Harlequin's Costume (Putilin Trilogy) Paperback – 15 Mar 2013
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Top Customer Reviews
It all seemed very much like a cliché of how you'd expect the Russian police to behave, but having said that, it was both funny and believable. This brilliant sentence on page 178: "With this kind of evidence we can prove anything we like."
While it was fun, I did have problems keeping the characters apart. Not because of their Russian names, that wasn't so hard, but because they weren't very well developed and there were rather many of them. I often lost track who was who and this also influenced my understanding of the story at times.
On the other hand, I could very clearly picture the events in the story and it was not hard to imagine that this would make a brilliant tv series.
Most Helpful Customer Reviews on Amazon.com (beta)
Yusefovich describes himself as a "serious historian", and I thought this came out very strongly in this mystery, which had an extra dimension that really enhanced the otherwise familiar `whodunit' storyline. For me, this is what was really interesting: I'm not usually a fan of this genre, but the little details the author includes relating to the Russian pre-Revolutionary period were fascinating. The dialogue was also quite funny, and Yusefovich (and the translator) really use this well to convey different characters - you can almost imagine their voices in the room with you at times! A fast paced and thrilling read that keeps you guessing right up to the end.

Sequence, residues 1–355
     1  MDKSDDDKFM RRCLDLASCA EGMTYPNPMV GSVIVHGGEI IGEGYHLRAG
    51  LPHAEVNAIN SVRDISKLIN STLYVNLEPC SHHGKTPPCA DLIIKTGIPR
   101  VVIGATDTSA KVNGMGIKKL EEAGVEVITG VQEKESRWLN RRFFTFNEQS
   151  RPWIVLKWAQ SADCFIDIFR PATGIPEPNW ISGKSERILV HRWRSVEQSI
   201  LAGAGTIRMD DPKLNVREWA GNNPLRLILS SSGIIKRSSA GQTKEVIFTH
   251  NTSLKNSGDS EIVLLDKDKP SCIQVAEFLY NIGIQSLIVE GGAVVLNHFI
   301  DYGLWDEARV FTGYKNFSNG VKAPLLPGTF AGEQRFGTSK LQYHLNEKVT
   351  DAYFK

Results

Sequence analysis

Chief Inspector Ivan Putilin is brought to the scene on the Street of Millions to investigate. The Tzar's secret police, called Third Department, are at the scene because of the international diplomatic implications. Putilin is an interesting character with anxiety-related stomach problems, a lovingly domineering wife, and a mean streak in his relationship with subordinates. He is realistically fearful of the Third Department leaders who want a non-Russian scapegoat to take the blame for the murders. Putilin a man ruled by his emotions, is not convinced of the guilt of suspects who "confess" to the crime, and he looks for a single thread that will lead to the real perpetrator. Then, like a harlequin's costume of rags sewn together with a single thread, he can unravel the convoluted political and criminal garment revealing the naked truth.
The novel requires some additional effort by the reader to understand the complicated political situation in Europe in the late 1800s. This is not an Agatha Christie style mystery that provides all the relevant historical context. The reader should do some outside research on the period to help understand Yuzefovich's historical allusions. This understanding is made more difficult by Marian Schwartz's translation that is a somewhat disjointed, literal interpretation of Yuzefovich's prose. Harlequin's Costume is the first book of a trilogy featuring Inspector Putilin who, near the end of his life, is recounting his most interesting cases to a writer for publication. I enjoyed reading the novel and will read the subsequent 2 volumes for more of Chief Inspector Ivan Putilin's police stories.